Even so, these "want" versus "need" designations cannot be teased out of the intangibles that represent total resource use (standard of living) settings - nor should they. Instead, services wants versus needs can be accounted for in time use aggregates, where the differences become much easier to quantify. By tracking the finite nature of (aggregate) local time use available for services as a core point of reference, services taxation becomes practically unnecessary for any knowledge use system which 1) provides education for core healthcare skills and 2) tracks time use separately from standard accounting and economic measures.

Today's post is in part a response to an article regarding happiness and experiential product: an article which I subsequently lost, even after retracing my online steps from yesterday in an attempt to find it. Darn! Normally when I come across a link that is possibly postworthy, I try to save it promptly, just in case. While experiential product was not designated as such in the article, I think of the experiential product which is capable of generating happiness, as peripheral and exclusive service product formation.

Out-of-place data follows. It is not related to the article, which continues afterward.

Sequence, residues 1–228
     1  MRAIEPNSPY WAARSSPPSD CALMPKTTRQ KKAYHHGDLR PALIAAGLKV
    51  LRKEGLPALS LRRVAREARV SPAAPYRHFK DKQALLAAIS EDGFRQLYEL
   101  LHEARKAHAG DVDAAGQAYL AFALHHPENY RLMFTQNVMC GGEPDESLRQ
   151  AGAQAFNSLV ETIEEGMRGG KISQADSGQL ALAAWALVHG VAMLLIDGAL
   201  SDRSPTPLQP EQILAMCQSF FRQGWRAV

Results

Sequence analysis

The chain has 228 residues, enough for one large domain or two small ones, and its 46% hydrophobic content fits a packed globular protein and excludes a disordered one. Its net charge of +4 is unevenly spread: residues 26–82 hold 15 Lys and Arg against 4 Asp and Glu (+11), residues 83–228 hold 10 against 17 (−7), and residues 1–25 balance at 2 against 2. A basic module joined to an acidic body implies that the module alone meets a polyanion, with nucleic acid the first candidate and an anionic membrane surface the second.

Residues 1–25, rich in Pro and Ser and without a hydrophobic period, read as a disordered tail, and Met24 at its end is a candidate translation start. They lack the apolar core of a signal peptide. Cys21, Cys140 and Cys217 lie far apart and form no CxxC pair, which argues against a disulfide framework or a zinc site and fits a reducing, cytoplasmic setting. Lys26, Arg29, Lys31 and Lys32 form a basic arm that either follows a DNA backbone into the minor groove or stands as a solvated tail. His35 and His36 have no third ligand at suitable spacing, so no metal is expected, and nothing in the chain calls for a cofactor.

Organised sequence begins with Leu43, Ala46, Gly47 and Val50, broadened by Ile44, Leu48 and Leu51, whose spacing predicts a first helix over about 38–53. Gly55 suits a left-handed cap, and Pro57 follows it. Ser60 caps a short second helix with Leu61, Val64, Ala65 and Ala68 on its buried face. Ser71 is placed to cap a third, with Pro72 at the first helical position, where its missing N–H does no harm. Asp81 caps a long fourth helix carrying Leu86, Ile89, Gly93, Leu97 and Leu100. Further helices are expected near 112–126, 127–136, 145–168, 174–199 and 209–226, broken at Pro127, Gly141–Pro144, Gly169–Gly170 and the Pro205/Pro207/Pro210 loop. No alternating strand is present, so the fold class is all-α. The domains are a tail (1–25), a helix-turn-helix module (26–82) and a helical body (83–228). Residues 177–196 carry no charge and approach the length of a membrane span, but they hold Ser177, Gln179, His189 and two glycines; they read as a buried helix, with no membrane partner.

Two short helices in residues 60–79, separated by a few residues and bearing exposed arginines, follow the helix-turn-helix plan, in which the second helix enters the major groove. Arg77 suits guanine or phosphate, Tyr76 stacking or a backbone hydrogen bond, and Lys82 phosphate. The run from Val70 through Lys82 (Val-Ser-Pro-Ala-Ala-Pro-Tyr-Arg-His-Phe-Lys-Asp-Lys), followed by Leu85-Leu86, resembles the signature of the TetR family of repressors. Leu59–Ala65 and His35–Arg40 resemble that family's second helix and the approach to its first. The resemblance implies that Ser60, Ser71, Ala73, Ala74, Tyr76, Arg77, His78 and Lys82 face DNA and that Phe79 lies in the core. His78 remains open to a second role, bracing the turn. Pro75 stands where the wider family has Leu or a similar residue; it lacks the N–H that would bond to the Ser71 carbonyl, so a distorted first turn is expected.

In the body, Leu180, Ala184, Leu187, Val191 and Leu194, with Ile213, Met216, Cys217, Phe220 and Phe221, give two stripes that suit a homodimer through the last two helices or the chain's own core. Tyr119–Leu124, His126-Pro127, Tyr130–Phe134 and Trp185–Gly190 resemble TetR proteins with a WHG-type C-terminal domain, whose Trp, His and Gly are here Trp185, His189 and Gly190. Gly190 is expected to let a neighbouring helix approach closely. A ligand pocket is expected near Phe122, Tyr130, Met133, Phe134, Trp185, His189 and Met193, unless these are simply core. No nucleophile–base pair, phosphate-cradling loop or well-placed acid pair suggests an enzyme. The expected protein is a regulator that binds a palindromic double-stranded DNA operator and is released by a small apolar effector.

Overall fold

Fortunately, Tyler Cowen posted a link which also touches on the research (he calls it speculative) and it is here. Also, his reference to delayed gratification is only a partial context for experiential product, as opposed to the delayed gratification one normally thinks of regarding investment. The gist of the article was that experiential product - i.e. not a physical product but one that generates "memories" - creates more happiness than, say, waiting in line for a product which we would either 1) carry home or 2) consider a basic good.

Hmm. There's plenty of product formations (involving services time components) which make us want to pull our hair out while waiting. These wait times all too often exist, for what has become defined in recent decades as basic needs on multiple levels. Hence this kind of negative experience stands in stark contrast to pleasant experiential services which are also coordinated through timed group settings.

How might we contrast the aggravation with the positive experiential setting? Waiting in line for fast (basic or everyday) food might be classified a minor nuisance. Sometimes the wait for service help on the phone calls for a zen attitude. And all too often, waits for the doctor may feel as though a total time least bringing a book helps!

And yet, anticipating vacation or standing in line for special meals or concerts can evoke positive feelings. Yet if the wonderful meal happened every day, it wouldn't be special. Nor would anyone choose to stand in line for that special meal on a regular basis. That's why 1) exclusive experience is a peripheral gain, and 2) by recognizing basic time use needs - thus generating them in more closely spaced time units - there is still room for the peripheral pleasures which time use coordination makes possible.